This is the second article of a multipart series that will walk you through setting up a typical merchant storefront website. It is intended to give a very quick walkthrough using Visual Studio.Net and demonstrate how quickly a three tiered web application can be created. The second installment walks through the creation of the data tier and touches on the business tier.
With our last article, we created
four projects in our VS.NET solution. They
were a Common project for our shared datasets, a DataAccess
component class project for our DataAdapters, a BusinessRules class
project for our business logic, and a MomAndPop web forms application.
This time, we will add on to our DataAccess project and start on our
Lets start by opening up ProductCommand in your DataAccess project. Double click on the filename in the [Solution Explorer]. This will open up a visual display of the component class. Right-click anywhere in the panel or on the file name and select [View Code] to also open up the source code.
Weve created an OleDbDataAdapter last time which also created OleDbCommands for select, insert, delete, and update. We need a couple more commands for our web application however. Open up your [Toolbox] and navigate to the [Data] tag. Drag an [OleDbCommand] to the panel of the ProductCommand instantiating a new command object in class. Turn your attention to the [Properties] box with the newly created command highlighted. Rename our new command object to oleDbSelectByIdCommand. Under [Connection], find the existing OleDbConnection1 and select it. Now find the [CommandText] property and click the button to the right of the text area with the text on it. This button is usually used for calling wizards or in this case, a sql query designer. We could build our query using the designer but to save time, we are going to type in our query. Type the following in the SQL Panel (3rd panel down):
SELECT Products.* FROM Products WHERE (id = ?)
A dialog box will appearing asking Do you want to apply new parameter configuration? Click [Yes]. Go back to the [Properties] window, and click the wizard button under properties (next to the word (Collections)) to view the parameters collection. You will see that Visual Studio.NET automatically generated the id parameter for us. With the same process, create another command with the name oleDbSelectByColorCommand with the sql command text:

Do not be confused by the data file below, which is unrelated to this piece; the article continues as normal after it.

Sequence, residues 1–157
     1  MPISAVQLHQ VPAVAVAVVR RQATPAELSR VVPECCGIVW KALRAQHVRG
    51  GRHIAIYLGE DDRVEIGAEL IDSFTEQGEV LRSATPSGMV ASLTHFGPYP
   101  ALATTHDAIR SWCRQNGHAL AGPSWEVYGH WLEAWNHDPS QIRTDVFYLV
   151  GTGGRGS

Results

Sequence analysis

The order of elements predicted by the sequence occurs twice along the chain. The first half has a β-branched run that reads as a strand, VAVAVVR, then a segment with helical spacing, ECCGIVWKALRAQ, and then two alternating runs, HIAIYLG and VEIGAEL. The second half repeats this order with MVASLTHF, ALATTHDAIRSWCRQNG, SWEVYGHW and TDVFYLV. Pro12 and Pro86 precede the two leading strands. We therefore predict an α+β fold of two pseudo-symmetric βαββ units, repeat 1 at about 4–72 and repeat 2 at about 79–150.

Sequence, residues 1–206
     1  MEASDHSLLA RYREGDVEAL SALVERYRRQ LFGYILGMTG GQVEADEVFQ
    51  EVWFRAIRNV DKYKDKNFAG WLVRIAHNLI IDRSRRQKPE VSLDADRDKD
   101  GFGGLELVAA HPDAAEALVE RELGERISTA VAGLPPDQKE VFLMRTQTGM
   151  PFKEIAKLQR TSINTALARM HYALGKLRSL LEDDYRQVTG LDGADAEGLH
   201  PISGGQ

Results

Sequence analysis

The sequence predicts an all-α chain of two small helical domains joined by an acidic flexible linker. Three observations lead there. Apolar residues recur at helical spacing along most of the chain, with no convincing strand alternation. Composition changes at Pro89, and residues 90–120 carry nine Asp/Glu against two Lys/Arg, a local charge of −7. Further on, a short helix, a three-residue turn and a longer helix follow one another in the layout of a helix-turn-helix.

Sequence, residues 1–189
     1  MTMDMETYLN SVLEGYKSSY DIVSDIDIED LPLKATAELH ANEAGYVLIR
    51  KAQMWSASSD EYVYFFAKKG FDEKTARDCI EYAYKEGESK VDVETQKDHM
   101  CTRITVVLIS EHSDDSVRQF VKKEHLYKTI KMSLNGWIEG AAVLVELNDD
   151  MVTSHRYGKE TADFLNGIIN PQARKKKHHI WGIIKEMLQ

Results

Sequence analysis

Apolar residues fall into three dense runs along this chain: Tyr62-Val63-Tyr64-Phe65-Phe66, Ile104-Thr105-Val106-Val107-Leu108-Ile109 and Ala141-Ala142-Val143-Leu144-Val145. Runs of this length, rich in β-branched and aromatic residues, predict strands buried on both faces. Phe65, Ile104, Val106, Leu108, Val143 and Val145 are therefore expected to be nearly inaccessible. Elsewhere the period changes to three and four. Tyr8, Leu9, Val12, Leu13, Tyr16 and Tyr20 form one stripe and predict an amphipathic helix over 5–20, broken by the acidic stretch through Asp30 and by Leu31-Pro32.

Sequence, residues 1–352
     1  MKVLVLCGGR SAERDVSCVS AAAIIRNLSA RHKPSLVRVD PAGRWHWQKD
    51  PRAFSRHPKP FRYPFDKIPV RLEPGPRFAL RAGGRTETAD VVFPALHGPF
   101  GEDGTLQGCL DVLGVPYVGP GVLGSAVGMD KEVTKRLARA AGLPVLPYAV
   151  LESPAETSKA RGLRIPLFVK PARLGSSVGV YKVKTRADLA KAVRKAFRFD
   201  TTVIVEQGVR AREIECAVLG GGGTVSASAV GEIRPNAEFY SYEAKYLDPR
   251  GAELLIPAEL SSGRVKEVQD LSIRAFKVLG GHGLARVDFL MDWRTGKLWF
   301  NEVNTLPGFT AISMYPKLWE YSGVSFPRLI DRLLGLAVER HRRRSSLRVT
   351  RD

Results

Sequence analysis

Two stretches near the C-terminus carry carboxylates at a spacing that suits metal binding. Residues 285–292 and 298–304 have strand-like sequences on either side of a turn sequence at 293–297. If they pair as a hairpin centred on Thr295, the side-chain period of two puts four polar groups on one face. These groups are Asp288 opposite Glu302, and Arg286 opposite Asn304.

SELECT Products.* FROM Products WHERE (color = ?) ORDER BY title
Open the POTWCommand class in your DataAccess Project and create an OleDbCommand named oleDbSelectPOTWCommand. This sql query is a bit more complex than the others. It will join the POTW table with the Product table by id and return a Product dataset of the products that have their id number listed in the POTW table. Enter the following sql command text:
SELECT Products.* FROM POTW INNER JOIN Products ON POTW.id = Products.id ORDER BY Products.title
View ProductCommand.cs to see your handy work. Expand the [Component Designer generated code] region to see your newly generated code for the new OleDbCommands.
In order to save some time and extra code, we are going to add a couple reusable functions in our component class. We are going to add an update data source function which takes an updated dataset and applies the appropriate DataAdapter commands based on the updates on the dataset. This will save us time and (more importantly) efficiency while doing batch updates. Updates can just be applied to the dataset and done in one pooled transaction rather than many individual database connections and queries. The second function returns a dataset parameter filled from the oleDbSelectCommand when passed a DataSet and an int indicating the number of rows affected. Above the generated code inside the class declaration, cut and paste the following code:
private int ProductCmdUpdateDataSource (System.Data.DataSet updatedDataSet)
int RowsAffected = 0;
// Get all of the deleted rows and update the datastore
DeletedRows = updatedDataSet.GetChanges(System.Data.DataRowState.Deleted);
if (((DeletedRows) != (null)))
RowsAffected = this.oleDbDataAdapter1.Update(DeletedRows);
// Get all of the updated rows and update the datastore
UpdatedRows = updatedDataSet.GetChanges(System.Data.DataRowState.Modified);
if (((UpdatedRows) != (null)))
RowsAffected = ((RowsAffected) + (this.oleDbDataAdapter1.Update(UpdatedRows)));
// Get all of the inserted rows and update the datastore
InsertedRows = updatedDataSet.GetChanges(System.Data.DataRowState.Added);
if (((InsertedRows) != (null)))
RowsAffected = ((RowsAffected) + (this.oleDbDataAdapter1.Update(InsertedRows)));
catch (System.Exception eUpdateException)
// TODO: Handle errors here
public int ProductFillDataset( System.Data.DataSet myDataset )
myDataset.EnforceConstraints = false;
rowsAffected = this.ProductCmdFillDataset( myDataset );
myDataset.EnforceConstraints = true;
private int ProductCmdFillDataset( System.Data.DataSet myDataset )
this.oleDbDataAdapter1.SelectCommand = this.oleDbSelectCommand1;
// Create an error handling block in case filldataset throws an exception
RowsAffected = this.oleDbDataAdapter1.Fill( myDataset, "Products" );
catch( System.Exception eFillException)
You will notice that there is a
private function that handles the exception handling and another public function
that your web application or business logic will call.
The Update Data Source functions can be used in our POTWCommand and
UserCommand classes. The
FillDataset functions can also be used for the other two classes but need to be
modified with the correct command names. I
will leave this as an exercise for the reader.
Save and build your DataAccess project. Your data tier is complete! In our next article, we will start the business logic tier and start the implementation of our user login system. Until next time If you have any questions, comments or gripes, email [email protected].
Click Here for Part 1